Scientists from the University of Georgia over in the US have conducted a very interesting study of the impact caused by domestic cats to the local wildlife. 60 domestic cats were fitted with small video camera’s (which have been dubbed “Kittycams”) and then allowed to pursue their normal daily activities.
The results have surprised many of the scientists and the estimated number of kills is now believed to have been well below what the actual number is.
I’ve listed below some of the key data that has been collated from this study. Keep in mind that these figures are from the US but we can use this information to get an idea as to the potential of cats on our Australian environment.
- 30% of the sampled cats were successful in killing prey
- An average of one kill for every 17 hours or 2.1 kills per week was made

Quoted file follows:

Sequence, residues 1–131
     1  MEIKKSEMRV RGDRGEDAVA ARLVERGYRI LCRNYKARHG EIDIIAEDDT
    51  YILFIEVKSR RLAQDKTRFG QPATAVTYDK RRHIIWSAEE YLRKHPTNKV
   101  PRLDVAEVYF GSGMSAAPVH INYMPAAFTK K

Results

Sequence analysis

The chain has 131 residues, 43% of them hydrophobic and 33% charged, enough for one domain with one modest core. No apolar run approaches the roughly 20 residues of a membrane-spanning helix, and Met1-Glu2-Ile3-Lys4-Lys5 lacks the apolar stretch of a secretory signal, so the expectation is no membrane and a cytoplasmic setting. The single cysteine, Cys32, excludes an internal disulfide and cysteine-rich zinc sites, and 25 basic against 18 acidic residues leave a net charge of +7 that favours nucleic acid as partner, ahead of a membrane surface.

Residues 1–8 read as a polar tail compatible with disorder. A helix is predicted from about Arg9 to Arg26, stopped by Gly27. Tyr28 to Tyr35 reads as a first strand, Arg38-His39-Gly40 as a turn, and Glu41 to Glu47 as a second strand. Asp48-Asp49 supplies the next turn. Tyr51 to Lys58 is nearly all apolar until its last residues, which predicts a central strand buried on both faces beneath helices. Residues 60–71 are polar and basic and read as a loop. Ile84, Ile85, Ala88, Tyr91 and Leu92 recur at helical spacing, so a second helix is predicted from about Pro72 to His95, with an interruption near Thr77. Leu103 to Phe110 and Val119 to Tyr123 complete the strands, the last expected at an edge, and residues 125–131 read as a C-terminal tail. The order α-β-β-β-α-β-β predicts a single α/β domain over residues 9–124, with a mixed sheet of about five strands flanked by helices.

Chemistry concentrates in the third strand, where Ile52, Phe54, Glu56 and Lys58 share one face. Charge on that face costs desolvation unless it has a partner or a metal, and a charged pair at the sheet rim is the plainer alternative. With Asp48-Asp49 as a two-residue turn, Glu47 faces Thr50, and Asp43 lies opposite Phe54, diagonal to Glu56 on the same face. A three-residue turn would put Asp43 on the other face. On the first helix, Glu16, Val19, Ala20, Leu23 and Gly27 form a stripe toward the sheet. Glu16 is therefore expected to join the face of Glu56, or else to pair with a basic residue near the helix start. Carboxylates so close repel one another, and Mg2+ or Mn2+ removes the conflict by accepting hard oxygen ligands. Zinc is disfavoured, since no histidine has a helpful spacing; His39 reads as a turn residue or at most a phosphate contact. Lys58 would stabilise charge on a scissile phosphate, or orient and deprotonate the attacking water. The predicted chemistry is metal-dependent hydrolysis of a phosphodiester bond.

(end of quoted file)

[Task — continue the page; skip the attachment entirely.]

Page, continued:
- Only 23% of kills were brought back to the cats residence
- The test cats were outside for only 5-6 hours a day
- Birds constituted about 13% of the kills
- A new estimated number of over four billion kills (per year) now seems more correct if feral cats are also included in the results
- Of that four billion, at least 500 million of those kills will be birds
Certainly an interesting study and I think that a lot of people will be surprised by the overall effect that cats have on the wildlife population. Perhaps there is some merit to the saying “the only good cat is a dead cat”
More information can be found at the below site.